> have a unique end-to-end identifier that nodes can use to associate a
> request with it's original response, however there is a danger in relying
> on this identifier as it could be manipulated to cause responses to fail.
> If you can't rely on it, why have it at all?
> As such, a node at the Interledger layer MUST maintain state and be able
> to, not only match request/response pairs at the host-to-host layer but
> also,
> *match an incoming request/response pair to an outgoing request/response
> pair.*
> How a host does this not defined in the protocol but it means that at a
> minimum the host-to-host protocols must allow request/response pairs to be
> matched AND uniquely identified.
> Example:
> When Host B receives Response A from Host C it must pass that on as
> Response 1 to Host A. This would have to be recorded during the routing of
> Request 1 to Request A.
> Host A                    Host B                    Host C
>        --- Request 1 -->         --  Request A -->
>        <-- Response 1 --         <-- Response A --
> In protocol stacks like IP and ILP the internetworking layer is the glue
> between lower host-to-host layers and higher end-to-end layers. To avoid
> overloading the internetworking packets themselves it should be possible to
> encapsulate higher level protocol packets in the internetworking layer
> payload.
> Another unique feature of ILP (where it differs from IP) is that some
> Interledger packets carry value. You can look at this two ways:
> 1. The ILP payment packet carries value end-to-end.
> 2. The ILP payment packet carries data end-to-end but the sender pays for
> this.
> There are two basic request types in ILP, those that carry data and those
> that carry both data and value.
> For all request types there is a valid response type but the response
> could also be an error. Example: the response to a payment is a
> fulfillment, the response to a quote by source amount request is a quote by
> source amount response.
> In summary:
> - ILP depends on request/response semantics at it's core (these are a
> requirement of the internetworking layer itself, not just higher level
> protocols).
> - As such, the internetworking layer packets must be either a request or a
> response and the protocol should define which responses are valid for which
> requests and all requests should have a response.
> - There are two primary request packet types (a request carrying data and
> a request carrying data and value).
> - There are two primary response types, a success and failure response.
> The success responses are sub-typed to match the sub-type of the request,
> however the error response could be returned for any request.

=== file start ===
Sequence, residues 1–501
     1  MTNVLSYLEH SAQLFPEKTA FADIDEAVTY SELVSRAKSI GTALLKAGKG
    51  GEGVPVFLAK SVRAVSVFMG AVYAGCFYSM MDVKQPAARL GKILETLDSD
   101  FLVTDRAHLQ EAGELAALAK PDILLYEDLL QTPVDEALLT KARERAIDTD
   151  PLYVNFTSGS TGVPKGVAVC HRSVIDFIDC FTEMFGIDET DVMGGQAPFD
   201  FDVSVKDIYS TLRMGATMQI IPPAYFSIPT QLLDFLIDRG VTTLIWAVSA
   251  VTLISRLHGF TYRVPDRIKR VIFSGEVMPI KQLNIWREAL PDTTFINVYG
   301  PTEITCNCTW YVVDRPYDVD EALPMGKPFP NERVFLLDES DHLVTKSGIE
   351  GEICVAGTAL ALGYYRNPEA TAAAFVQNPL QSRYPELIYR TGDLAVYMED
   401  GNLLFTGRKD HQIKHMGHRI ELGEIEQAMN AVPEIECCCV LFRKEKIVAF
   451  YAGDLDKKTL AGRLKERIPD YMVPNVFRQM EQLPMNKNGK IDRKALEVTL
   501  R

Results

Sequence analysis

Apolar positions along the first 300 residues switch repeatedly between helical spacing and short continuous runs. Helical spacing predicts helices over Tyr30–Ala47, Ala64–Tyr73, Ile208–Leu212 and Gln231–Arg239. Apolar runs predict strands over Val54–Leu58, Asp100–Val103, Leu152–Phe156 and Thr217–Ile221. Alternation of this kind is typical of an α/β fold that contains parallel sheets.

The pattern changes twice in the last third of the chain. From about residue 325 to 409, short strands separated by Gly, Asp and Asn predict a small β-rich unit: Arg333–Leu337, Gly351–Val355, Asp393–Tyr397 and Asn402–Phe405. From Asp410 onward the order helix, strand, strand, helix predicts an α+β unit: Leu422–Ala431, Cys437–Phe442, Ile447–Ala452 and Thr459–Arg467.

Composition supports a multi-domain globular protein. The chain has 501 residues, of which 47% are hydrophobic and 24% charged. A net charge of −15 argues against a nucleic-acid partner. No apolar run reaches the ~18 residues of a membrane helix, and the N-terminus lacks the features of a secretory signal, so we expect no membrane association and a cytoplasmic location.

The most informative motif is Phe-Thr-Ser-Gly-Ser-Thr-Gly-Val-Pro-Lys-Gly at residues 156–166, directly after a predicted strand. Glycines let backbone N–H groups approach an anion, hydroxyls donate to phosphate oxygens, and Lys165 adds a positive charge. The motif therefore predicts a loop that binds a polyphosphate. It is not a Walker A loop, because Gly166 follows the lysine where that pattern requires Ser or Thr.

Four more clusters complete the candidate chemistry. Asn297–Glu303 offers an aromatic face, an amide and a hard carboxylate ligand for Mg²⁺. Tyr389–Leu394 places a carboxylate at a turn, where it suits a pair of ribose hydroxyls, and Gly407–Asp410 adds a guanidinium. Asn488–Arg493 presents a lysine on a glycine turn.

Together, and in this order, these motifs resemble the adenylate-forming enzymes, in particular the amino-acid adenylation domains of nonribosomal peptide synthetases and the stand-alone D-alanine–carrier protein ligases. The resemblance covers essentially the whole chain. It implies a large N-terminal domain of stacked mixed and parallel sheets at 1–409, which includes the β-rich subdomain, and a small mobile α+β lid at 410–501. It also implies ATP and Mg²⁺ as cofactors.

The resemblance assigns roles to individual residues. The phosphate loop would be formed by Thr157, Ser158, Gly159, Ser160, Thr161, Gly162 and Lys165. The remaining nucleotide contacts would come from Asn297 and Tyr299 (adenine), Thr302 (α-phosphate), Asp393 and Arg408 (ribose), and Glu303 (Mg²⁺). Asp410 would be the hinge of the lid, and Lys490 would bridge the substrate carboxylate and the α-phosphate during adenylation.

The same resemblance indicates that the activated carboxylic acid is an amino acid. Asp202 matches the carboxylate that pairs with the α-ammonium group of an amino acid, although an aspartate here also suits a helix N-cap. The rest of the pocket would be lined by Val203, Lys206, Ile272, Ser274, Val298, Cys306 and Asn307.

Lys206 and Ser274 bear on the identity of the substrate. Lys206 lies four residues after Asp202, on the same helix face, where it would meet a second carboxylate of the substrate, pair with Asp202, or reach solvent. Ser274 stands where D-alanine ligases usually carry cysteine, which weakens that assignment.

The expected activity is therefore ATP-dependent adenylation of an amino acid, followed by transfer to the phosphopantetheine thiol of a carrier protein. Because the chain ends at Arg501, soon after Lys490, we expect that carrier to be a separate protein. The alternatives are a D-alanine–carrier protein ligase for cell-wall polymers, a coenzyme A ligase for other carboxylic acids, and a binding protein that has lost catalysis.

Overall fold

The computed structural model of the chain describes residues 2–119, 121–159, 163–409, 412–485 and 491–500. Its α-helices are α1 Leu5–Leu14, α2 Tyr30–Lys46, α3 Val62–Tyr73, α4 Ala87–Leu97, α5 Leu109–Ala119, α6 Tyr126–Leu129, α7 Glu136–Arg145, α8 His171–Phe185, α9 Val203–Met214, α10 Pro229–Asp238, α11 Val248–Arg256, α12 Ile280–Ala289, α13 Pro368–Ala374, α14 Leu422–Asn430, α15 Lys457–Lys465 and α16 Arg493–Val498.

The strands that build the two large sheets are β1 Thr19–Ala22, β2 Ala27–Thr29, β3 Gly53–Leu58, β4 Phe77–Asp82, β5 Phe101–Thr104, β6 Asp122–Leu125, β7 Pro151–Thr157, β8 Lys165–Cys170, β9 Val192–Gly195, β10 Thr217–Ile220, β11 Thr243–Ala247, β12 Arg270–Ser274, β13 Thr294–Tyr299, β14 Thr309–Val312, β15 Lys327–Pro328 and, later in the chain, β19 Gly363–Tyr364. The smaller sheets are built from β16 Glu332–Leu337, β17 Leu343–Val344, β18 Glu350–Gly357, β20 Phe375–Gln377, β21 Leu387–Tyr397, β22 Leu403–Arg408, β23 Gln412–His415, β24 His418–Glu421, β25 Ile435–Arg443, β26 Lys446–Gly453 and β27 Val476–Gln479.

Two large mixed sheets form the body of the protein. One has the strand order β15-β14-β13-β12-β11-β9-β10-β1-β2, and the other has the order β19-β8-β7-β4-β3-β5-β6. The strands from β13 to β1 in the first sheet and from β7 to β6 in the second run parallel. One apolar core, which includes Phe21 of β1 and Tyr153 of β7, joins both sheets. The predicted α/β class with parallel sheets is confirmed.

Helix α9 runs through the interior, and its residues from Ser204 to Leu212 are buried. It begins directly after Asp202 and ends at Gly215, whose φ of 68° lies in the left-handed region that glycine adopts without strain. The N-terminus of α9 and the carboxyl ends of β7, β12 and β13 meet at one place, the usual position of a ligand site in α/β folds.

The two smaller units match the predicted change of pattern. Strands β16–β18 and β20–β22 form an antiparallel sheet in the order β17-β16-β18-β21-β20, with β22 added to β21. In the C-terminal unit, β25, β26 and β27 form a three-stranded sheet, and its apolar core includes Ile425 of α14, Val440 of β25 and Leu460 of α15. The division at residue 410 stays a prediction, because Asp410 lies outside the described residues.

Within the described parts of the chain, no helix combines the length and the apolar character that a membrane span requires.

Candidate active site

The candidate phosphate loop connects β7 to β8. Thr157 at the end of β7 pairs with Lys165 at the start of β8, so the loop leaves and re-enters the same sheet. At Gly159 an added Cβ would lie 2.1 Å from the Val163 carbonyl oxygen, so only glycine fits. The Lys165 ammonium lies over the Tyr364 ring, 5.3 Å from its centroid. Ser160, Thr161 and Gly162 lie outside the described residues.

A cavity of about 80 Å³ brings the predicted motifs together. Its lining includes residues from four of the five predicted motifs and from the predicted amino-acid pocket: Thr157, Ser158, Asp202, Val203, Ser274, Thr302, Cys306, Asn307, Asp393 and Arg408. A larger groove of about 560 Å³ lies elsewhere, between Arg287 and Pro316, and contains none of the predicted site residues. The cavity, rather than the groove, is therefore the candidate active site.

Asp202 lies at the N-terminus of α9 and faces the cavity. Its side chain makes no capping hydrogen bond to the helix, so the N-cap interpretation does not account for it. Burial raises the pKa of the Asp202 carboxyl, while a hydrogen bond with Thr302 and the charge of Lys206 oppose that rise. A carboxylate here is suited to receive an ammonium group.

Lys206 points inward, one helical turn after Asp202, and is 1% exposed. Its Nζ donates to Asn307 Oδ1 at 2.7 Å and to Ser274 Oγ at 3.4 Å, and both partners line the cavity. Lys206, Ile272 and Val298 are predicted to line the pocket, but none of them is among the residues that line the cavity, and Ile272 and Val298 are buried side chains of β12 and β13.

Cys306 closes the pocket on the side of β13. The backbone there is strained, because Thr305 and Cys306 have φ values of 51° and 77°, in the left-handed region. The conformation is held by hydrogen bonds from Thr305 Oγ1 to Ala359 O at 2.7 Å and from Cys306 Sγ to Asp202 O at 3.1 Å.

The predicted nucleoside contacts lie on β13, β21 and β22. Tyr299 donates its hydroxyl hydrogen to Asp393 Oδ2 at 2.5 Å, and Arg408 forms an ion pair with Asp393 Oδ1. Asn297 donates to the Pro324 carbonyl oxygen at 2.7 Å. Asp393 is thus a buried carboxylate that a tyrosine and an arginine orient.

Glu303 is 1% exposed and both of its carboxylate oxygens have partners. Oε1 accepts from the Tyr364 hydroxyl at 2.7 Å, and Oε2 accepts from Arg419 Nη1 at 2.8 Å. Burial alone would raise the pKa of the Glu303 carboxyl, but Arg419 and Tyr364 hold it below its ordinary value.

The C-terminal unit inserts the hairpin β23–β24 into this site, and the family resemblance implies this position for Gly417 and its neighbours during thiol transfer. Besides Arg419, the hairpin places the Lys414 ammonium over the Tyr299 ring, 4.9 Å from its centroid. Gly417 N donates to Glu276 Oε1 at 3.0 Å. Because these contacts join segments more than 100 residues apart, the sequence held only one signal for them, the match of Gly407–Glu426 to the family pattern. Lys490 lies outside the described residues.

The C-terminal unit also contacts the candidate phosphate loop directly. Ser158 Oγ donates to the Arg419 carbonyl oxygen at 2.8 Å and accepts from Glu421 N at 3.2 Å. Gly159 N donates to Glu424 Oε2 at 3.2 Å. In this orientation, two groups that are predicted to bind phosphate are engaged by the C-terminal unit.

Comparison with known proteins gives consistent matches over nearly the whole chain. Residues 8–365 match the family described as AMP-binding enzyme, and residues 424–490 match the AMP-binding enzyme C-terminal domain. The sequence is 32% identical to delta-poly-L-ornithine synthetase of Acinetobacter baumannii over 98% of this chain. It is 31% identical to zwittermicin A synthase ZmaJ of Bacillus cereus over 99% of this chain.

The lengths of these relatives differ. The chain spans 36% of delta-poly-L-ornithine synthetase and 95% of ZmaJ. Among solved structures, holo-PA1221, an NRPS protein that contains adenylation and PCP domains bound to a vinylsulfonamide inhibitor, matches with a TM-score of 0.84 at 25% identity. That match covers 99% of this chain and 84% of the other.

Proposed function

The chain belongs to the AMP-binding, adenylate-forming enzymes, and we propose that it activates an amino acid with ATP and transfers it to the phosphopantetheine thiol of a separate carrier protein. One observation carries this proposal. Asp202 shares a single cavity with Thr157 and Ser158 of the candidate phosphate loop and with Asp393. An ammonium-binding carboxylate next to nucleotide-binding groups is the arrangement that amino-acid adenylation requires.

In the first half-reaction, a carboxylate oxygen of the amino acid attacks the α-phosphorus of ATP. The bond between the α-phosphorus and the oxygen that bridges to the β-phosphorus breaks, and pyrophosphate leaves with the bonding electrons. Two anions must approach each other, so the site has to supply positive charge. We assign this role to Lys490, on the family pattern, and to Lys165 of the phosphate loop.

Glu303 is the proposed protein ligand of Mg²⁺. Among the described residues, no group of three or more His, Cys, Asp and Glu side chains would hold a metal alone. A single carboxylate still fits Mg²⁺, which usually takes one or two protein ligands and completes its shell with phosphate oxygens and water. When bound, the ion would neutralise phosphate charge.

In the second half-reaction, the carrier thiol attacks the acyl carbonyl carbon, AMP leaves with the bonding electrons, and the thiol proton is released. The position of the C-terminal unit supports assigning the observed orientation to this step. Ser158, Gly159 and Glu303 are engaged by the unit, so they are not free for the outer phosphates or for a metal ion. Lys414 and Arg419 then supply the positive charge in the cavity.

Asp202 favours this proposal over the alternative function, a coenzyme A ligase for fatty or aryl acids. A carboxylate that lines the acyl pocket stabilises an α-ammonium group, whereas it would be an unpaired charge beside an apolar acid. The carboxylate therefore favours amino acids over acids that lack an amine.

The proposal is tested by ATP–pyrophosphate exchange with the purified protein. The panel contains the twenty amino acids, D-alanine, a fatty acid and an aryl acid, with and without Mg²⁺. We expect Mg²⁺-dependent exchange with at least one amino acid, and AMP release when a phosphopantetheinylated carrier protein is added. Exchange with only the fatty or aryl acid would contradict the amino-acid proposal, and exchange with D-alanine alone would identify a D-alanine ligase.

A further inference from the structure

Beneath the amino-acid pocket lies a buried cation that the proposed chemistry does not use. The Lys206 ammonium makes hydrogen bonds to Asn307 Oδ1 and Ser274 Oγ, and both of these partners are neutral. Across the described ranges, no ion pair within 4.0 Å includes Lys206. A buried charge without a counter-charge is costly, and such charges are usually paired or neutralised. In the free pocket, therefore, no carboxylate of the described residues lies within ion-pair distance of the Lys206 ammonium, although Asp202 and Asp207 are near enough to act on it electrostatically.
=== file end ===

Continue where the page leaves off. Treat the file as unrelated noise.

> Proposal:
> - All interledger layer messages should be ILP packets (including
> fulfillments) and be capable of carrying higher layer protocol payloads.
> - While it may make sense to split the interledger payment and interledger
> quoting protocols into new higher level protocols that seems like an
> unnecessary abstraction. Instead the packet definitions should just have
> some consistency and probably a common base/header.
> - We should define two base ILP packet types: request and response.
> - A payment packet should extend the request type and fulfillment and
> error should extend response.
> - The ILQP packets already roughly follow this pattern but perhaps a
> generic message packet is also required.
> *Ledgers and Trustlines*
> For some time there has been a debate about what constitutes the nodes and
> what the edges in the Interledger graph. As we've begun to appreciate the
> various different forms a line of trust between two peers can take it's
> become clear that ledgers are not actually core to the protocol (despite
> the name). If you consider senders, receivers and connectors to be the
> nodes, then edges are simply lines of trust between any two nodes.
> In other words the Interledger is made of nodes that are connected via
> financial agreements of some form that allow for two nodes to transfer
> value between one another. This agreement may or may not be underwritten by
> a ledger that supports conditional transfers. Where there is a ledger that
> both parties trust to perform conditional transfers correctly the parties
> no longer need to trust one another (they trust the ledger).
> The Interledger works because not only does it define a universal address
> space for this network, it also defines a universal signature scheme for
> payment requests and receipts that can be leveraged by individual